Home » Opinion — Mitch McConnell: Trade key to Kentucky

Opinion — Mitch McConnell: Trade key to Kentucky

Trade leads to high-quality jobs

(May 18, 2015) — Trade is the key to high-quality Kentucky jobs, and a way to export more of the things Kentucky workers make and more of the products Kentucky farmers and ranchers produce. That’s why I strongly support the bipartisan Trade Promotion Authority (TPA) bill before Congress. This bill could help lead to the completion and eventual enactment of trade agreements aimed at lowering trade barriers to 11 countries in partnership and to the European Union.

Mitch McConnell
Mitch McConnell

More than half a million jobs in Kentucky are related to international trade already, and expanding America’s trade agreements provides opportunities for more growth. TPA would also expand Congress’ oversight over the Obama Administration and sets clear rules and standards for its trade negotiators.

Lowered trade barriers help industries such as automotive manufacturing, agriculture, and the makers of distilled spirits. Today, Toyota exports Camrys made in its Georgetown, Ky., manufacturing plant to South Korea following enactment of a free trade agreement America signed with the Koreans in 2011. The fact that South Korea is importing Toyotas from Kentucky and not from Japan means a lot to the 7,000 workers at the Georgetown plant.

Across the Asia-Pacific region our allies confront a growing Chinese economy and military. Passing strong trade agreements is part of ensuring that America remains a dominant player in the dynamic Pacific region, even as China seeks to expand its influence. If we don’t step in, China will, and I, for one, would rather see American workers and American farmers reap the economic benefits of selling more to this region than China.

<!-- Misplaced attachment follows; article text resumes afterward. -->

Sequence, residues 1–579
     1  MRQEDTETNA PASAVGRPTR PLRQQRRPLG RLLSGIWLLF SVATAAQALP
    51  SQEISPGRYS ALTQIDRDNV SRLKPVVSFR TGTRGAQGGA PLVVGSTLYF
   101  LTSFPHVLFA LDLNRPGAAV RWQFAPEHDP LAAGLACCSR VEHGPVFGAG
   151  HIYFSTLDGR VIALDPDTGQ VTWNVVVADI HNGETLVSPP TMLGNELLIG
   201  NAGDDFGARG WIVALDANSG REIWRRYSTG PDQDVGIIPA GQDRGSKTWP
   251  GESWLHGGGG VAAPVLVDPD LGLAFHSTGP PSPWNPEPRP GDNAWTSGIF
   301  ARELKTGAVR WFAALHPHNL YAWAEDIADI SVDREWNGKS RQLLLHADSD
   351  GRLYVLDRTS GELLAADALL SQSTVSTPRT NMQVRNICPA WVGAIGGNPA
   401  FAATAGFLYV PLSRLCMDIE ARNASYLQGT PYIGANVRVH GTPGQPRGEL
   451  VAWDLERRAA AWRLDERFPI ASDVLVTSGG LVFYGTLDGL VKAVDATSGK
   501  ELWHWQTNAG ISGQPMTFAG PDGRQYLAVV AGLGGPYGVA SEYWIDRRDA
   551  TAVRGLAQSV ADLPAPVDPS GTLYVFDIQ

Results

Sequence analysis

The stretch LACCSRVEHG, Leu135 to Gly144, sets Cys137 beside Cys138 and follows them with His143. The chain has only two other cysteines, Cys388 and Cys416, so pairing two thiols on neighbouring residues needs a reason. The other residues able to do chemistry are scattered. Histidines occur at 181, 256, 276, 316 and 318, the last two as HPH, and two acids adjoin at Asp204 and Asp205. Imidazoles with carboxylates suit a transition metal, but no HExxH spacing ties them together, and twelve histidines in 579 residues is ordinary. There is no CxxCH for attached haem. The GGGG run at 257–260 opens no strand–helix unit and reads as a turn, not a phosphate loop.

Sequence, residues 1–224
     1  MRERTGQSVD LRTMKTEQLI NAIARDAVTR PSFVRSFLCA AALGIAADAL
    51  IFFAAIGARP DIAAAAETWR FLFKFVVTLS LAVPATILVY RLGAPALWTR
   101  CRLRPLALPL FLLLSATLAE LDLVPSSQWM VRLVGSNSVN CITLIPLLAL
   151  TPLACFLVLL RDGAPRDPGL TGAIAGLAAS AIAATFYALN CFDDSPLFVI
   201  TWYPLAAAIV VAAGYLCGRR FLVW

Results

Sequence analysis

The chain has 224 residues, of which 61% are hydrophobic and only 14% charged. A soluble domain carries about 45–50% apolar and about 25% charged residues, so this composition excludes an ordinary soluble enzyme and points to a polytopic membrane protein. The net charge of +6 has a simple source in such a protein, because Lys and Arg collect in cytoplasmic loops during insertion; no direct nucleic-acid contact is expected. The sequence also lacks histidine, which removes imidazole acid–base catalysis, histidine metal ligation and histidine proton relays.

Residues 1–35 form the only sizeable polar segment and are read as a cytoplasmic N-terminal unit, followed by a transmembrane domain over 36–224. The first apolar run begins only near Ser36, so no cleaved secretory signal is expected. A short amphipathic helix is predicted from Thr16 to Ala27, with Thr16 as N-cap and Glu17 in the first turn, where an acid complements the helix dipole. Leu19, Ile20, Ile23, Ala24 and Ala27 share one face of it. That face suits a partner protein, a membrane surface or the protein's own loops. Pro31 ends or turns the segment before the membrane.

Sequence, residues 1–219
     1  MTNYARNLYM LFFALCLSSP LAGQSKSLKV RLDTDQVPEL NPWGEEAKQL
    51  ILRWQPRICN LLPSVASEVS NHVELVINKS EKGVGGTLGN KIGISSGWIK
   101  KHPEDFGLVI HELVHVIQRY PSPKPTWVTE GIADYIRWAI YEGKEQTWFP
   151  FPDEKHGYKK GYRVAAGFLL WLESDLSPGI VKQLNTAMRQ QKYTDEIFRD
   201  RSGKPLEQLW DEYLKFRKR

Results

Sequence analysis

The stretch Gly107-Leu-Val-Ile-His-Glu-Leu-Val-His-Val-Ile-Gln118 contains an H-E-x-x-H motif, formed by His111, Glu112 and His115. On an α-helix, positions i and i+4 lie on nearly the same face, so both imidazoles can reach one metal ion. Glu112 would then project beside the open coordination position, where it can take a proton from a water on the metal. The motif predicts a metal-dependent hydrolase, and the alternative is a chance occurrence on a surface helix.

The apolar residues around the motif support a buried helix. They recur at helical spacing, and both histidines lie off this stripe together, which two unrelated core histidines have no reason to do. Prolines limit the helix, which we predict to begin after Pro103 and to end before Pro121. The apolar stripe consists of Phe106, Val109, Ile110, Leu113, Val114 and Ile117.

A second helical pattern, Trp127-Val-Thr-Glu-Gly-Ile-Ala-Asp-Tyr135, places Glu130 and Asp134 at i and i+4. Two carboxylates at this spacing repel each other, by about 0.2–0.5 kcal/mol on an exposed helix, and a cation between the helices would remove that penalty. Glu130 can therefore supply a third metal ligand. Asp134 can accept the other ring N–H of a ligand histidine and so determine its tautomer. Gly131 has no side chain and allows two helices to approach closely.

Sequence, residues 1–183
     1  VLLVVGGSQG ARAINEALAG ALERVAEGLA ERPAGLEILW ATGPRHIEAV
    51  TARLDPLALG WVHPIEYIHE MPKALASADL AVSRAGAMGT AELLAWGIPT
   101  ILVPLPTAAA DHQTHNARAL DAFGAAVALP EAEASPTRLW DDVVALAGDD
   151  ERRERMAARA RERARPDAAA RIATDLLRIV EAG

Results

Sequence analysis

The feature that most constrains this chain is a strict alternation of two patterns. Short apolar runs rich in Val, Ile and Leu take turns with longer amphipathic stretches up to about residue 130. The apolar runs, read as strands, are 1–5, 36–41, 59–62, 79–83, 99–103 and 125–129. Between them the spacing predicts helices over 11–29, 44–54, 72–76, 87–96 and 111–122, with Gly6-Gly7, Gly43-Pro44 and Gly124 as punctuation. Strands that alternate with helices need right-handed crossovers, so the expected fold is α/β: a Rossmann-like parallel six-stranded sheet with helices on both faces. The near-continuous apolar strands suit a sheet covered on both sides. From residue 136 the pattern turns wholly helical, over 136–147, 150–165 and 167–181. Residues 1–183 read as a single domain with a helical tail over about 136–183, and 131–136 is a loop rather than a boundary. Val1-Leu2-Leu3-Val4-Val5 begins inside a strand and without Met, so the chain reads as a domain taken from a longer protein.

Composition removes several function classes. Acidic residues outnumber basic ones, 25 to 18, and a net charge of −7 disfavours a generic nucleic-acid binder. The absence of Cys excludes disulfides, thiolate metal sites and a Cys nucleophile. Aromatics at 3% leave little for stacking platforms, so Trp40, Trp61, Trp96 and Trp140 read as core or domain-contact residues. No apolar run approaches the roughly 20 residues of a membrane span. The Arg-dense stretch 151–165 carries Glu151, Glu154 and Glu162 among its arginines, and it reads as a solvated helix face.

Passing TPA and enacting strong trade agreements will mean greater access to more markets and increased opportunities for Kentucky-made goods. Studies indicate that Kentucky could gain $2.7 billion in new global investment and more than 18,000 jobs while reaping the rewards of selling more Kentucky goods in Europe and the Pacific.

Passing TPA and enacting these free trade agreements would eliminate unfair rules in other countries that discriminate against American workers and American products. And it’s especially good for Kentucky farmers. Here is what one corn, wheat and soybean farmer from Spencer County wrote to me:

“We need free trade to compete with the grain farms in South America. Dozens of people have jobs as a direct result of our small business: input suppliers, truckers, mechanics and traders, just to name a few. Help me and all these people by expanding trade and consumption globally. Our future depends on it.”

He’s not the only one who thinks so. Says Dave Maples, executive vice president of the Kentucky Beef Cattlemen: “Current and future trade agreements give cattle producers in Kentucky, the largest beef state east of the Mississippi River, the ability to export some of the finest beef our country has to offer, and expand our markets. Greater access to markets means a better future for my operation, children and grandchildren.”

Another constituent, from forklift manufacturer CLARK Material Handling Company in Lexington, said this: “TPA [and trade agreements] are good for CLARK, they are good for Kentucky, and they are good for the overall economic well-being of the entire country.”

They’re right. The benefits from trade are huge. The United States currently has free trade agreements with 20 countries, which account for $12.1 billion—or 44 percent—of Kentucky’s exports. Expanding free trade agreements to countries in Europe and the Pacific will only make our exports grow. It will benefit Kentucky manufacturers, farmers, and consumers—and most importantly, provide high-quality jobs in our state. And it will help increase prosperity across the Commonwealth. Kentucky is counting on this important free trade legislation, and I’m working hard in the Senate to see it gets done.

Mitch McConnell is the Senate majority leader.